§ Ms Roseanna Cunningham
To ask the Secretary of State for Social Security, pursuant to his answer of 22 June 2000,Official Report, column 256W, on average incomes, if he will list the figures requested for single parents and disabled people. 
§ Mr. Bayley
The information is not available in the format requested. Data are not available for all the years requested. The earliest and latest financial years for which data from the Family Resources Survey (FRS) data are available are 1994–95 and 1998–99 respectively.
Year on year changes in average amounts of State benefits reflect changes in employment status, income from other sources (for income-related benefits), benefit entitlement and caseload mix.
Results are subject to statistical variability. Comparisons of one year with the next should be treated with considerable caution.
For the purposes of these statistics, disabled people have been defined as anyone in receipt of at least one disability benefit, i.e. Disability Living Allowance (care or mobility), Attendance Allowance, Severe Disablement Allowance, Disability Working Allowance or Incapacity or Invalidity Benefit.
Their average weekly income from state benefits (including the State Retirement Pension) per individual was £110 in 1994–95. It remained at this level in 1995–96 then rose to £117 in 1996–97, £120 in 1997–98 and £124 in 1998–99. The same figures rebased in constant May 2000 prices to adjust for inflation were £129 in 1994–95, £125 in 1995–96, £129 in 1996–97, 112W the Library on 27 July 1999 to include information about the period after 13 July 1999. 
§ Miss Melanie Johnson
[holding answer 5 June 2000]Details for the period since 13 July 1999 are as follows:
£128 in 1997–98 and £130 in 1998–99. This represented 34 per cent. of average earnings in 1994–95,33 per cent. in each of the years 1995–96,1996–97 and 1997–98, and 32 per cent. in 1998–99.
Results for single parents are sensitive to the proportion of single parents in employment and are presented separately for those in work—defined as working 16 hours or more per week—and those not in work. The proportion of single parents in work, according to the FRS, rose from 37 per cent. in 1994–95 to 43 per cent. in 1998–99. Benefit income is of course much lower for lone parents in work, who therefore have income from earnings, than lone parents not in work. (For recipients of disability benefits the proportion in work, as recorded in the FRS, was stable over this period.)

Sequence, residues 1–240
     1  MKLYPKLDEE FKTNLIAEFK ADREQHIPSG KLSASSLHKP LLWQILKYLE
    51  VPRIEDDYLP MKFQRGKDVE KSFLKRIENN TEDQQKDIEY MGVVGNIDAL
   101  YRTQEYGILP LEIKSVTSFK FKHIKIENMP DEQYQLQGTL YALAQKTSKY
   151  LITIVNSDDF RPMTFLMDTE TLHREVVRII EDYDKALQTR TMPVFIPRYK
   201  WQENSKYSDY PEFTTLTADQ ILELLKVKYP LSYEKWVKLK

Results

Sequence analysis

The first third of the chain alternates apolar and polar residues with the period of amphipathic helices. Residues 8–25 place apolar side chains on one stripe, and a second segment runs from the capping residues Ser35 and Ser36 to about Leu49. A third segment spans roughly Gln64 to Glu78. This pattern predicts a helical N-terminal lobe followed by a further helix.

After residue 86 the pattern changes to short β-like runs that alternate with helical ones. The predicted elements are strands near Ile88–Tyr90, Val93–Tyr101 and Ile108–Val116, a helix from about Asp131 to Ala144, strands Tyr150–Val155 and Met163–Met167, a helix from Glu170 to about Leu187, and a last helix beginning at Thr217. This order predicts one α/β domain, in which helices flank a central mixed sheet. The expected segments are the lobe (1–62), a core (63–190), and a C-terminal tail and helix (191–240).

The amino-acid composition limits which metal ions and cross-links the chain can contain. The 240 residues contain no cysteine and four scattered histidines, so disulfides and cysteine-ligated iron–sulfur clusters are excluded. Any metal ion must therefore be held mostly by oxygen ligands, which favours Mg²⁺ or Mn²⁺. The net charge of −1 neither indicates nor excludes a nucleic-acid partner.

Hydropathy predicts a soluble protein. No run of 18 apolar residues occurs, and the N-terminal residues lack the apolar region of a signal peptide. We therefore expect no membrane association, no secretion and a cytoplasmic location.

Average weekly income from State benefits (including the State Retirement Pension) per individual lone parent in work was £64 in 1994–95, £66 in 1995–96, £65 in 1996–97, £68 in 1997–98 and £74 in 1998–99. The same figures rebased in constant May 2000 prices to adjust for inflation were £75 in 1994–95, £75 in 1995–96, £72 in 1996–97, £73 in 1997–98 and £77 in 1998–99. This represented 20 per cent. of average earnings in 1994–95 and 1995–96 and 19 per cent. in each of the years 1996–97,1997–98 and 1998–99.
Average weekly income from state benefits (including the State Retirement Pension) per individual lone parent not in work was £135 in 1994–95, £142 in 1995–96, £144 in 1996–97, £149 in 1997–98 and £155 in 1998–99. The same figures rebased in constant May 2000 prices to adjust for inflation were £158 in 1994–95, £162 in 1995–96, £160 in 1996–97, £160 in 1997–98 and £161 in 1998–99. This represented 41 per cent. of average earnings in 1994–95,42 per cent. in 1995–96,41 per cent. in 1996–97 and 1997–98 and 40 per cent. 1998–99.113W
The amounts listed here and used in the calculation of percentages are per individual. Benefits have been assigned to the individual in receipt. For example, if Income Support is paid to a disabled person with a non-disabled partner, the full amount of Income Support is assigned to the disabled person in these tables.
The mean has been used to calculate the average weekly income from State benefits for all individuals in the various different groups.
Real term figures have been calculated by uprating cash term figures to reflect May 2000 prices. The headline Retail Prices Index has been used for this calculation.
Average earnings figures, used as the base for calculation of the percentage figure, are for all full time adult employees and are based on data from the New Earnings Survey (Office for National Statistics) which is conducted in April of each year. As FRS data is for financial years the April in which the FRS financial year begins has been used as the average earnings base.
It should be noted that benefit receipt is based on self-assessment and therefore may be subject to mis-reporting.
All income figures have been rounded to the nearest pound and percentages rounded to the nearest integer.